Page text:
So this is my Burt’s Bees lip balm, I used to run PR for Burt’s Bees as one of my jobs. Burt’s Bees is the brand and Orange Blossom and Pistachio lip balm is the product. You are the brand, your book is the product. The publisher is promoting the product. If you have a lot to say about, I don’t know [for example] traffic patterns. If you’re an expert in something as simple as planned communities, your book might be about the benefits of the roundabout. (If this is not a book, someone should write it, because it is delightful.)
But if your book is about roundabouts, your brand might be about reducing accidents or beautifying communities. You might be speaking at conferences. And so your publisher will say, ‘Great, we’re going to promote your book.’ They’re going to pitch your book for media coverage and book reviews. They’re not going to book you to speak at the National Association of Traffic Lights as the keynote speaker, or Moms Against Drunk Driving. They’re not your Speaker’s Bureau. You have to be that. And so you have to have the tools ready to meet the publisher and their efforts. That’s the publicist at the publishing house, or if you’re self-publishing, and you hire a publicist, they are going to want you to hand them your assets.
What do you speak about? Yes, we know you’re going to talk about your book. But you’re going to talk about the themes of your book, you’re going to talk about the topics around your book, you’re going to be giving advice about what you write about–whatever your expertise is. But the publicist isn’t going to come up with that. They don’t know your stuff. They don’t have your photos, your headshots. So you need to be ready. Also, the publisher only has a six-week window to publicize your book. Your whole job is publicizing you. Marketing yourself. So yeah, publicity–it’s your job, no matter what you’re doing.
Carla: Interesting. So in that six-week window, your job is to maximize that with your publicist and communicate with them.
Allison: Yeah, so if you’re going to hire a publicist–first of all, a traditional publishing house will have a publicity window. And that’s about six weeks. But if you’re going to hire a publicist, I hope you have an extra $10,000 sitting around. Because publicists are about $3,500 a month for a three-month minimum.
Because you can’t really do anything spectacular, or achieve anything spectacular in a couple of weeks. What you’ll get is a pitching machine–for three months. They will be pitching your book, or whatever it is that you want them to pitch. So you’ll get promotion for your brand and your product, which is the book, but what you don’t get is a marketing strategist, because, FYI–that’s you. You have to be your best marketer. And you’re not going to be able to save yourself from spending the energy, the resources and the money that you should. You’re not going to get promotion for your brand long-term with that three-month stint. Because you are your brand. You should have a two-year plan for your brand promotion and marketing. You also won’t get a social media manager to manage all of your promotion. You won’t get an assistant to connect to your peers, to promote and distribute your ARCs, and you will not get a clone of yourself, despite us wanting that. So you have to really be prepared.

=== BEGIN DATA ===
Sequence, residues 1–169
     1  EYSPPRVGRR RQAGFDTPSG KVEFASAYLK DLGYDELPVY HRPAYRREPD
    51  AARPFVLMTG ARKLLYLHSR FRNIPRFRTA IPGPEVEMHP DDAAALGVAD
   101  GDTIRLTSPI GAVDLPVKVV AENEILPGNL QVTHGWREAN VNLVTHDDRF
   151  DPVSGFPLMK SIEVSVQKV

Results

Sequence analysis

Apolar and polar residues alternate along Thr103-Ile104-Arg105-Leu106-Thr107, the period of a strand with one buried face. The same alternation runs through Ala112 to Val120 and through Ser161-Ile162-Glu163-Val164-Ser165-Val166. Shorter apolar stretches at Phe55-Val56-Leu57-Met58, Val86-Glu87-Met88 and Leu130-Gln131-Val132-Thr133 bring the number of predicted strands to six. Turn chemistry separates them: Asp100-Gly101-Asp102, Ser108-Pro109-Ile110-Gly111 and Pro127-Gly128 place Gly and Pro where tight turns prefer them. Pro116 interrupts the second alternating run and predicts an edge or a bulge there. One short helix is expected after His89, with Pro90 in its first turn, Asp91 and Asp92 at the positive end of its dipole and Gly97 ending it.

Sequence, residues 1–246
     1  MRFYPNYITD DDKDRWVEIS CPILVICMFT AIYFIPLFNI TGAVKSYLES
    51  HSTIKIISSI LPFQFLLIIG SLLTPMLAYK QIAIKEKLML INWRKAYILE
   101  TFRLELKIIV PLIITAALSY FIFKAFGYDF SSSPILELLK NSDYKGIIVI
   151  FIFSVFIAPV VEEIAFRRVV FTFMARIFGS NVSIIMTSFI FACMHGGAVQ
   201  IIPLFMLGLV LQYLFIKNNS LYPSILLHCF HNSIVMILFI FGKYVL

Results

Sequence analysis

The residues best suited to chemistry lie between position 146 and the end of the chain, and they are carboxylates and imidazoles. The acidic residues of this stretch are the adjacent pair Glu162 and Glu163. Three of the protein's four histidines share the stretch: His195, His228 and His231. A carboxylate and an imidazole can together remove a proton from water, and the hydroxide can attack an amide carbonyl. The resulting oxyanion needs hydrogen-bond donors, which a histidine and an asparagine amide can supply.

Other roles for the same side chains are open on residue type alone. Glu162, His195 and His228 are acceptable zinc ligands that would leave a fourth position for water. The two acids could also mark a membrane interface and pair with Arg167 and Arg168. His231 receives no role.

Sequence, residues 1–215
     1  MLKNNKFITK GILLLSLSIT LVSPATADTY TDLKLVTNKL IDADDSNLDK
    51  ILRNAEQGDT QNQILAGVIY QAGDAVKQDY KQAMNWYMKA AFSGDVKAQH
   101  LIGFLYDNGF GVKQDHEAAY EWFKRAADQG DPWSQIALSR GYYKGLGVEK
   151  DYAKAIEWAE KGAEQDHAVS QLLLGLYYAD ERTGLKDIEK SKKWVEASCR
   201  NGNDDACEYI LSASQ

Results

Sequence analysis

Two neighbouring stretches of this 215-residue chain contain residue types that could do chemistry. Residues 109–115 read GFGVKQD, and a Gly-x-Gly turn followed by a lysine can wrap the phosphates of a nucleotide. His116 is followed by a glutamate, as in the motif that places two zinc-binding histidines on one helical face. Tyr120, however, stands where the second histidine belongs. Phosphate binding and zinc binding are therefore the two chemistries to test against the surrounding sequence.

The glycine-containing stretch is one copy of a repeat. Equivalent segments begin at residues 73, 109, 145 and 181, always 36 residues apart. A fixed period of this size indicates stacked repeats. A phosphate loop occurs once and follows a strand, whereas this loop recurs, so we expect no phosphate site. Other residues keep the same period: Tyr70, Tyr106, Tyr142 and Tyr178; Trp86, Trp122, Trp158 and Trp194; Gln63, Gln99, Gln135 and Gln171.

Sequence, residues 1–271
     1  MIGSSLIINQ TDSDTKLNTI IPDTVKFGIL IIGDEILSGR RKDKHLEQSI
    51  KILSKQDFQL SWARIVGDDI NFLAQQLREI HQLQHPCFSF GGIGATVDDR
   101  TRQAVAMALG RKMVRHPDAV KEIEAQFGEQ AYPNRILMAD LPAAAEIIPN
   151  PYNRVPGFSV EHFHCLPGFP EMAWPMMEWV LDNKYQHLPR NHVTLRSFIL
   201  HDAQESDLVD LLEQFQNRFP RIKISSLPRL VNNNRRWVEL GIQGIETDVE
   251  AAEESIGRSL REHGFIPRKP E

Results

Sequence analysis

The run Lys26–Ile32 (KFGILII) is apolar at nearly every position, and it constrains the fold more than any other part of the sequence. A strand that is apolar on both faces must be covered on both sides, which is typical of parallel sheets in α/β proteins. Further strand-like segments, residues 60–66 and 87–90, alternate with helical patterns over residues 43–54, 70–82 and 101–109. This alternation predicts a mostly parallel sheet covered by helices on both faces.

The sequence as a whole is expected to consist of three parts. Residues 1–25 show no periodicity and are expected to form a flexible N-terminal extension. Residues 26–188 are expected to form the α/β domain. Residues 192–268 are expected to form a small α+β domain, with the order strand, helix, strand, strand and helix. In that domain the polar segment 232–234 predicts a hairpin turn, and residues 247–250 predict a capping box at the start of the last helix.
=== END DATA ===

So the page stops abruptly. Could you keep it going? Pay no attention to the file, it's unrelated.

That publicist–whoever it is–in-house, or at a publisher, or whoever you hire, or yourself–to be most efficient, you have to give them the assets, the tools, the ingredients, so they can do their job that is their specialty incredibly well.
Carla: Thank you for all that. So let’s address the second half of the title of this as, you know, Why Your Publisher Wants You to Hire a Publicist, and Why You Don’t Have to. Now why, and when, would you not have to?
Allison: Well, the thing is, the reason people hire a publicist is because they think it’s hard to pitch media. And what they’re missing is a few simple steps to do it yourself. We are writers, which means that we create work directly out of our noggins, right? If you can do that, you can do anything. So we are the ultimate do it yourselfers. Poof, there’s a book. Poof, you can do your own marketing and publicity.
So here’s what you need.
You need an author-speaker package. And you don’t need a publicist, although they will be happy to charge you for this. You need your three photos of yourself–of just you–not cut out from a group photo. We don’t want to see anybody’s arm in a gripping grin photo from a wedding, or from 100 years ago. [Your photo should be] just you, against a background that is not too busy, like a brick wall or a tree, anything like that, where it’s just you, just from the nipples up. We call it a medium shot. Just you.
And then your bio. And it needs to be written in a couple of ways. You’ll want a first person bio, a third person bio, and a bio that’s about 200 words.
And you’ll need a website and your social media presence. Just in one page. Just have that ready, because everyone’s going to ask you for that.
Then you’ll need the questions you want to be asked. That way you give that to your publicist if you want to hire them. Or, when the journalist says, ‘I’d love to interview you, what questions should I ask you?,’ you are ready for that?
You’ll want the angles and the stories that you want to pitch. Not, ‘Hey, I think you should cover my book.’ But why is your message relevant? Again, you know, traffic circles. These might be relevant in cities and towns where there’s gridlock.